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The Gunman – Top 5 Dolby Atmos Demos

I had always thought that Atmos ceiling speakers were truly made to convey overhead rain sounds, but after hearing how well they are employed to handle the roaring fire of this movie, I’m willing to rethink that.

After reading over my last Atmos Blu-ray review of Jupiter Ascending, I felt the minute-by-minute breakdown of the film’s audio became not only tedious for me to write but also likely a tad excruciating for you to read. Dissecting the minutiae of each bit of the soundtrack just didn’t make for a compelling story, and if you hung through that whole post I say both, “Thank you,” and “I’m sorry.”

Perhaps it was just that the movie itself was grueling to watch and didn’t make for an exciting review to read. Perhaps I was angry at the Wachowskis that they had burned up more of their Matrix cred with this special effects spectacle. Either way, I’ve decided I’m going to take a different approach with the review of The Gunman this time around and I’m just going to narrow it down to the five best audio scenes in the film. If you have a preference on the way I handle future Atmos reviews going forward—next up is Insurgent, the second film in the Divergent trilogy—then I welcome the feedback in the comments section.

The Gunman is based on a French novel by Jean-Patrick Manchette titled, “The Prone Gunman.” Unfortunately, I haven’t read that book so I can’t offer any comparisons to the film. The movie is a pretty decent political action thriller in the older-mega-action-star vein, something you would expect to see from Liam Neeson, Bruce Willis, Jason Stratham, Brad Pitt, or Tom Cruise. The problem here is that no one seemed to have told Sean Penn that big action movies are usually fun, and he plays the role of Jim Terrier with the white-hot intensity and seriousness of someone looking to impress the Academy for a best acting or best picture nod, instead of just taking the audience along for a fun ride. In addition to Penn, The Gunman features a pretty strong supporting cast including an easy-on-the-eyes Jasmine Trinca as Terrier’s love interest, Annie, and a wonderfully quirky Javier Bardem, playing an ex-partner, Felix.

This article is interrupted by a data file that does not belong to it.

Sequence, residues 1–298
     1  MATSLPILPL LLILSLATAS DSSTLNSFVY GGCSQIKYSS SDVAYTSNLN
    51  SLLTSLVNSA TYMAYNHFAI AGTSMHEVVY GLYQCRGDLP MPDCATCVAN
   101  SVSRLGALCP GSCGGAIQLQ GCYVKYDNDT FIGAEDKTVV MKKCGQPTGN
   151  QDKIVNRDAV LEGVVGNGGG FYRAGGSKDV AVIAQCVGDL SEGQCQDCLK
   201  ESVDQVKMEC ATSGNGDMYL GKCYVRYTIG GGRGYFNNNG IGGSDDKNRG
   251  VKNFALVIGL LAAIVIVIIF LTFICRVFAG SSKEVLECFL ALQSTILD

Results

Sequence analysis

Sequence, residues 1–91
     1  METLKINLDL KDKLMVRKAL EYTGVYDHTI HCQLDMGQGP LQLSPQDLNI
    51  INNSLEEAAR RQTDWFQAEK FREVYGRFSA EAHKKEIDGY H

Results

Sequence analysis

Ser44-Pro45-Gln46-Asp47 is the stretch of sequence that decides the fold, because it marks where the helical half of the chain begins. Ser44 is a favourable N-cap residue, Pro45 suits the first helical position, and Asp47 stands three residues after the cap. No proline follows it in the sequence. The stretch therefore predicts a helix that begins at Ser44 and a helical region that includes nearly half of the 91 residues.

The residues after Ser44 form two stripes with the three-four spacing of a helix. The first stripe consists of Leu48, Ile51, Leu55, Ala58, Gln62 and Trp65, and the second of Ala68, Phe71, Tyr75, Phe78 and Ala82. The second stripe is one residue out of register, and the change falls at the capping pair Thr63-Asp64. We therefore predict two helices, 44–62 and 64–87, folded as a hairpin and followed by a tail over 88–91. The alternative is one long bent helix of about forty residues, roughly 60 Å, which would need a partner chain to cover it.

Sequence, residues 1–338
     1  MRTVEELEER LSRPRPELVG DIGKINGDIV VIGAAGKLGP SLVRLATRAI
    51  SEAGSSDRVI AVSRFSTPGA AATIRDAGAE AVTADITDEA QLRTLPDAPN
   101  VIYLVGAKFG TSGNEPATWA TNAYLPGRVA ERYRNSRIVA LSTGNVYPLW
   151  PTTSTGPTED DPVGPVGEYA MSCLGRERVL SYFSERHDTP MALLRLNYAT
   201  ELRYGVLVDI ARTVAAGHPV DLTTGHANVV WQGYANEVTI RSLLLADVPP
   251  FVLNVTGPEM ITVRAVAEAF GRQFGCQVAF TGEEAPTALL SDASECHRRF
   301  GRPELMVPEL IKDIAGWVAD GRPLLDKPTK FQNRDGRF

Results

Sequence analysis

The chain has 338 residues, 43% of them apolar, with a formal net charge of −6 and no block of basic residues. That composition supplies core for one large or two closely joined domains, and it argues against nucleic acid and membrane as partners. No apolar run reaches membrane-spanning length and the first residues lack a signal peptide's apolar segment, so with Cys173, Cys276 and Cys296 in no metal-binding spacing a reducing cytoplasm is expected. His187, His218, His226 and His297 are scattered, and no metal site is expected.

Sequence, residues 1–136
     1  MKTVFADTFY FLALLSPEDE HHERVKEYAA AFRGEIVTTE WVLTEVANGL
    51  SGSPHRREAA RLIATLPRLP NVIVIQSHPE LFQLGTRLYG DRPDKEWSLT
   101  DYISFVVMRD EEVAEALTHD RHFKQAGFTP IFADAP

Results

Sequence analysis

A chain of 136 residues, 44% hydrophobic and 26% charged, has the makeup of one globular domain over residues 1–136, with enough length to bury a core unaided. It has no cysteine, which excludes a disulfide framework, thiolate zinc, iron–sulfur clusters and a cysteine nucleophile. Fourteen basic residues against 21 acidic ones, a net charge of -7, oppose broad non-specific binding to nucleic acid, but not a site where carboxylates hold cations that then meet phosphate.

Beyond the action, this film seems like a vehicle for Penn to show off his new superhero body. Seriously, Penn is like crazy chiseled in this movie. You get your first look at him shirtless in chapter four and it is clear that this is no Spicoli getting baked and ordering pizzas in class; this guy guzzles muscle milk and Creatine powder between shreds. It’s practically distracting how bulked out he is.

For a movie called The Gunman there actually isn’t a ton of gun battling, and in fact there are really only a few big action sequences throughout the near two-hour runtime. In fact, they could have just as easily called him The Knifeman as I believe he has just as many killings with that weapon. This is a slow developing, thinking-man’s action film with a lot of dialog that I would recommend NOT starting at 10:30 at night after a second martini. The first three chapters set up the back story, with Terrier working as a mercenary/black-ops contractor called on to assassinate a Congo Minister of Mining and then disappear, with the rest of the film echoing the repercussions of that single, massive gunshot.